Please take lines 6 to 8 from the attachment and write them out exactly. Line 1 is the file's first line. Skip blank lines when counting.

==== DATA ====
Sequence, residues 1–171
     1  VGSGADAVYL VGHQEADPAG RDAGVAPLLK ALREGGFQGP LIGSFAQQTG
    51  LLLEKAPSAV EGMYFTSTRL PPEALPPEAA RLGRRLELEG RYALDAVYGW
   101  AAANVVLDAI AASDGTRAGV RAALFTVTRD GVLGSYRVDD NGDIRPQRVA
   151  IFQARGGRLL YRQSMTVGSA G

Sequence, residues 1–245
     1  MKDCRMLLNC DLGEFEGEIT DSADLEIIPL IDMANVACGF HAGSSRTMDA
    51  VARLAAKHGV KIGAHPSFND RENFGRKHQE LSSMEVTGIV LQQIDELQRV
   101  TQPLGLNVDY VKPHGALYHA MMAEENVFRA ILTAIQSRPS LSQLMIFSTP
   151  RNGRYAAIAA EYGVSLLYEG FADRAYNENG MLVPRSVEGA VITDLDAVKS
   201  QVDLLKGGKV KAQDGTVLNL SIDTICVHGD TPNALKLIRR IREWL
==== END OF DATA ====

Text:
Sequence, residues 1–245
     1  MKDCRMLLNC DLGEFEGEIT DSADLEIIPL IDMANVACGF HAGSSRTMDA
    51  VARLAAKHGV KIGAHPSFND RENFGRKHQE LSSMEVTGIV LQQIDELQRV